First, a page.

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The Gray Iron Fitness Newsletter, Issue #172. Act 2 in Life
February 01, 2016
February 1, 2016
In this newsletter . . .
Act 2 in Life
Arnold Press + Dumbbell Curls
Act 2 in LifeNote: Some of the following on retirement ran here six years ago. It got good reader response from those nearing or already in a retirement lifestyle. But I wonder about the young whippersnapper seniors in their early 50s? Is the subject only for the over 60 crowd? I hope not. Because the younger you are when you consider your future in retirement, the better off you will be when the day arrives. It’s guaranteed. So please read on, everybody . . .
The nosy people at AARP know when you turn 50 and send you an invitation to join their organization. In their eyes, you’ve just crossed that line — you are a senior, like it or not.
It has been nearly 30 years since I found my invitation in the mailbox. So I’ve been a senior a long time. At first, it was a shock. Who, me? A senior? Can’t be. I sure don’t feel like a senior. For a while, I would joke about it with friends. Hey, AARP wants me. Funny, right? But the clock stops for no one.
Even younger seniors, who don’t think much about retirement, will, eventually, realize the day isn’t all that far off. Depressing? For some, it is. And that's too bad. Because here is the good part: When you do finally retire, you really can, if you choose to, and you have planned ahead, rediscover your passion in life.
Here is how I did it . . .
I knew that art and fitness were my callings by the time I was a teenager, and probably even earlier than that. One thing I could do better than most of my peers was sketch and draw with accuracy. Another thing was that I was continually looking for ways to build strength and fitness. Other matters, some critically important in life, and some really not worthy of effort, diverted my attention along the way; but, finally, there I was — retired. I could actually do as I pleased.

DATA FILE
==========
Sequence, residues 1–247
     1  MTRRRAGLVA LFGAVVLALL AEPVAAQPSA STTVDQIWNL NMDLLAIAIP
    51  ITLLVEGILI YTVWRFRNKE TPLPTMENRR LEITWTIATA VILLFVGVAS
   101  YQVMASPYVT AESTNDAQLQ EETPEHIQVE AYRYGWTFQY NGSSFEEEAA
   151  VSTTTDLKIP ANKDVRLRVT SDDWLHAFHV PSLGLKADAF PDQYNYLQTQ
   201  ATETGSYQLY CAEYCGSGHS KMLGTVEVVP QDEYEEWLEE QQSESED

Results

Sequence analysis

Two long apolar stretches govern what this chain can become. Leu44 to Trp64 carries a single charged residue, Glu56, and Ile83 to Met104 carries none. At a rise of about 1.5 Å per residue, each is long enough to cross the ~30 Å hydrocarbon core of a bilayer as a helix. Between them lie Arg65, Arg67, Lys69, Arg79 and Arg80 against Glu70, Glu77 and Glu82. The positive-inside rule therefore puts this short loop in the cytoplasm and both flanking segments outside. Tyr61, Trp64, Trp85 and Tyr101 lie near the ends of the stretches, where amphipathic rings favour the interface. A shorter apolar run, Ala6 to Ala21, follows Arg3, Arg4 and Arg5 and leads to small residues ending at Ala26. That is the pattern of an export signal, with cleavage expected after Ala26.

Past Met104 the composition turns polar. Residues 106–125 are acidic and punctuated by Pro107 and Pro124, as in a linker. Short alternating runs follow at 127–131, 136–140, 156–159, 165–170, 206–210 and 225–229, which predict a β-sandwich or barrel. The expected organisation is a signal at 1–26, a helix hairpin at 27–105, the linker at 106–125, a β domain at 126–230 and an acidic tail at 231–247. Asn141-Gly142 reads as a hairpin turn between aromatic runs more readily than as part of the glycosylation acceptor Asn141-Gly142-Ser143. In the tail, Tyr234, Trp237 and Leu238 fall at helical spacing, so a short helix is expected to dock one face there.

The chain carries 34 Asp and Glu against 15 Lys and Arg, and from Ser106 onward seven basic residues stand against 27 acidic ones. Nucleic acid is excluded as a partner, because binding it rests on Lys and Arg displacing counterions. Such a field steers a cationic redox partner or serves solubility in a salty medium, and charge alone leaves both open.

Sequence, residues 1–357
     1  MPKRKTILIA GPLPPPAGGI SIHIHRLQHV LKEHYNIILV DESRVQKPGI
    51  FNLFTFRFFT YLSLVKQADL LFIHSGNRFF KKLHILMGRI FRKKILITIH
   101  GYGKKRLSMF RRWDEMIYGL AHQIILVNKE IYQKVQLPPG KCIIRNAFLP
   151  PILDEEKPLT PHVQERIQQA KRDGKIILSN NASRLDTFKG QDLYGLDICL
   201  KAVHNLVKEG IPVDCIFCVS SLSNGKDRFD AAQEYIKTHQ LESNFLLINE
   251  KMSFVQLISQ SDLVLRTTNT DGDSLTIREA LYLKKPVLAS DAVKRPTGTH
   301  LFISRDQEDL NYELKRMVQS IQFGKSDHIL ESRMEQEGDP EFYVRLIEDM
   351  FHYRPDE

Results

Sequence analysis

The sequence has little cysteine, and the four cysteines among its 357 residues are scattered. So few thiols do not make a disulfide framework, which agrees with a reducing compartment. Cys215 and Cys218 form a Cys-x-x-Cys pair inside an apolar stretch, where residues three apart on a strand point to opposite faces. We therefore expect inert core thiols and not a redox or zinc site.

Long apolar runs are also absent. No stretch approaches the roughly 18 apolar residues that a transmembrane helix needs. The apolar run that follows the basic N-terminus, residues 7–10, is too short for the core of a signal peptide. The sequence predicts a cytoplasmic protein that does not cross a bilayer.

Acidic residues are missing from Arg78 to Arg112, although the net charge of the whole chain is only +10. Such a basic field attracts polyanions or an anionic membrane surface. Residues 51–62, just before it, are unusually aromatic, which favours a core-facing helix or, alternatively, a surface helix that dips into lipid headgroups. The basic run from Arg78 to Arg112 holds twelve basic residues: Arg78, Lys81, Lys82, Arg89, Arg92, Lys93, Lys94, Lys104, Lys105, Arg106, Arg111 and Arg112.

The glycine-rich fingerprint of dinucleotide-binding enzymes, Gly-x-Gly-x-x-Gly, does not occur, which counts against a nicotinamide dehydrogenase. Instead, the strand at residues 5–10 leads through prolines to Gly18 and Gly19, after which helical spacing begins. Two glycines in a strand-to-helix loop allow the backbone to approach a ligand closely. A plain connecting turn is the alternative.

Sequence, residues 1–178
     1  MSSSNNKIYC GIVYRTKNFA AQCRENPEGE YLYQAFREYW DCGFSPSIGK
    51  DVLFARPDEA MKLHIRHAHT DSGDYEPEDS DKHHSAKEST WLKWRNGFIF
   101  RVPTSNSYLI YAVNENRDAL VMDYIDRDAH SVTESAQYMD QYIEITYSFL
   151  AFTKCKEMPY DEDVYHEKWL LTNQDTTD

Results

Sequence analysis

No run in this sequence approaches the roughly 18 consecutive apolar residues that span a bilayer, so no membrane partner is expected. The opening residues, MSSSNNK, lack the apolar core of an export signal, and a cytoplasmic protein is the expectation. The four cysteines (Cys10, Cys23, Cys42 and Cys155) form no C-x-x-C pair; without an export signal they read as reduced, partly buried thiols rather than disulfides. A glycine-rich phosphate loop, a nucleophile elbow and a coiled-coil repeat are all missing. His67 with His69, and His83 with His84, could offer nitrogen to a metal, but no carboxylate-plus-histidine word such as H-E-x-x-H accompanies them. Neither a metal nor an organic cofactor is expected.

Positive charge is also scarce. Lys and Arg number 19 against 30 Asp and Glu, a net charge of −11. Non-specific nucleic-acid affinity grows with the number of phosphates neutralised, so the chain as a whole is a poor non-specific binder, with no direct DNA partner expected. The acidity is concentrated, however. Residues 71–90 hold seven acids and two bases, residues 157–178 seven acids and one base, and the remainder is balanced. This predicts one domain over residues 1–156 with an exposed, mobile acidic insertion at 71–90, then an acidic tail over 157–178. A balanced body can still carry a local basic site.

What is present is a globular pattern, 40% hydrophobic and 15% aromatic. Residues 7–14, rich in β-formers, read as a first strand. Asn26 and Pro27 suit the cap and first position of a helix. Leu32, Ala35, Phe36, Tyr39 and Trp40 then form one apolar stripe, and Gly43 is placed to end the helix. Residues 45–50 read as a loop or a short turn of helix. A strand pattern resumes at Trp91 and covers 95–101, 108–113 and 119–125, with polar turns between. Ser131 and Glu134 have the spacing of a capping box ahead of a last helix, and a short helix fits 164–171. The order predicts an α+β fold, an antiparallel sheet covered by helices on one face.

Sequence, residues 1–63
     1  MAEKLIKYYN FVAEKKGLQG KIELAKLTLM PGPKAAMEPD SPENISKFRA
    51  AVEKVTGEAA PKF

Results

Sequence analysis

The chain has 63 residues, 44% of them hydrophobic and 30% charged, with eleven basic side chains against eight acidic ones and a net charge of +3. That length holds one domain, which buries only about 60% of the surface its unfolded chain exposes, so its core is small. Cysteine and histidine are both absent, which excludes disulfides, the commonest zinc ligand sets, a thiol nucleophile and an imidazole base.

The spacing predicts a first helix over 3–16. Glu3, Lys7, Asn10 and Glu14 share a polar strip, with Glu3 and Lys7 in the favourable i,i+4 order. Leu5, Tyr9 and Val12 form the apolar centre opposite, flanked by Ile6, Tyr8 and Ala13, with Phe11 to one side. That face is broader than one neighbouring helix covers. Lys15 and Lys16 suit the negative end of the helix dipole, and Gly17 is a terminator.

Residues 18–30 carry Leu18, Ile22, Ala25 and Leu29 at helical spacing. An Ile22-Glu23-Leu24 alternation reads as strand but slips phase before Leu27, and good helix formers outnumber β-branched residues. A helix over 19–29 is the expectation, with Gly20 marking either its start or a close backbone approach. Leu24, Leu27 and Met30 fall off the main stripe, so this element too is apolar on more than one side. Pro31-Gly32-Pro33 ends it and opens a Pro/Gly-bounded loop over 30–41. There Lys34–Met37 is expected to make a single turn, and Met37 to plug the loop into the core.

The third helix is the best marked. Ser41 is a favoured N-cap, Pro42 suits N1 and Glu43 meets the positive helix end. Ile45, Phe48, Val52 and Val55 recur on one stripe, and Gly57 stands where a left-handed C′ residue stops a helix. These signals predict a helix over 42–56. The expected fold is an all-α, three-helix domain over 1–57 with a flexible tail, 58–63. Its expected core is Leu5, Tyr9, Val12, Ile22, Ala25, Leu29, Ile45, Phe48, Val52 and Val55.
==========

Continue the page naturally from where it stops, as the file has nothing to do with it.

Now that many years have passed I can say that I’ve never really felt a void. In fact, it has been quite the opposite. I am fortunate to have been absorbed in the creative process of making art, while at the same time promoting the fitness lifestyle. Without these strong interests, however, or something equally engaging, I cannot imagine what life would be like. We've all seen people who retire and then squander potentially rewarding years.
Probably your interests are very different than mine. The differences aren’t important. What’s important is that somewhere in each of us interests are there, perhaps even dormant passions, waiting to be rediscovered and released. One good way to uncover them is by looking backward to your childhood and adolescence. Recall the thoughts, activities, and dreams that sent your imagination and spirit soaring. Those are your clues. Develop interests related to them and you are likely to experience a personal renaissance.
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The Arnold Press + Dumbbell CurlsThe Arnold Press was a favorite of California's former governor during his Muscle Beach days. He liked to start dumbbell presses with his palms facing him, and as the weights were pressed overhead they rotated to face forward. He would retrace the movement in the reverse coming down.
I've added something to the mix: dumbbell curls. I think you'll find that it's a nice upper-body combination movement that flows well, while working biceps, triceps, and shoulders.
The Gray Iron Fitness Newsletter is a free publication sent twice monthly to subscribers. The purpose is to provide honest and realistic fitness information for people age 50 and above.
I have never been paid or received compensation of any kind to write a positive review or endorse a product. If I say that I personally use a product or service, it is because I find value in it and have paid for it with my own money.
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The newsletter and web site provide information to help users establish and maintain a fitness lifestyle. But fitness information is not the same as fitness advice, which is the application of exercise and dietary practices to an individual's specific circumstances. Therefore, always consult with your physician for assurance that fitness information, and your interpretation of it, is appropriate for you.
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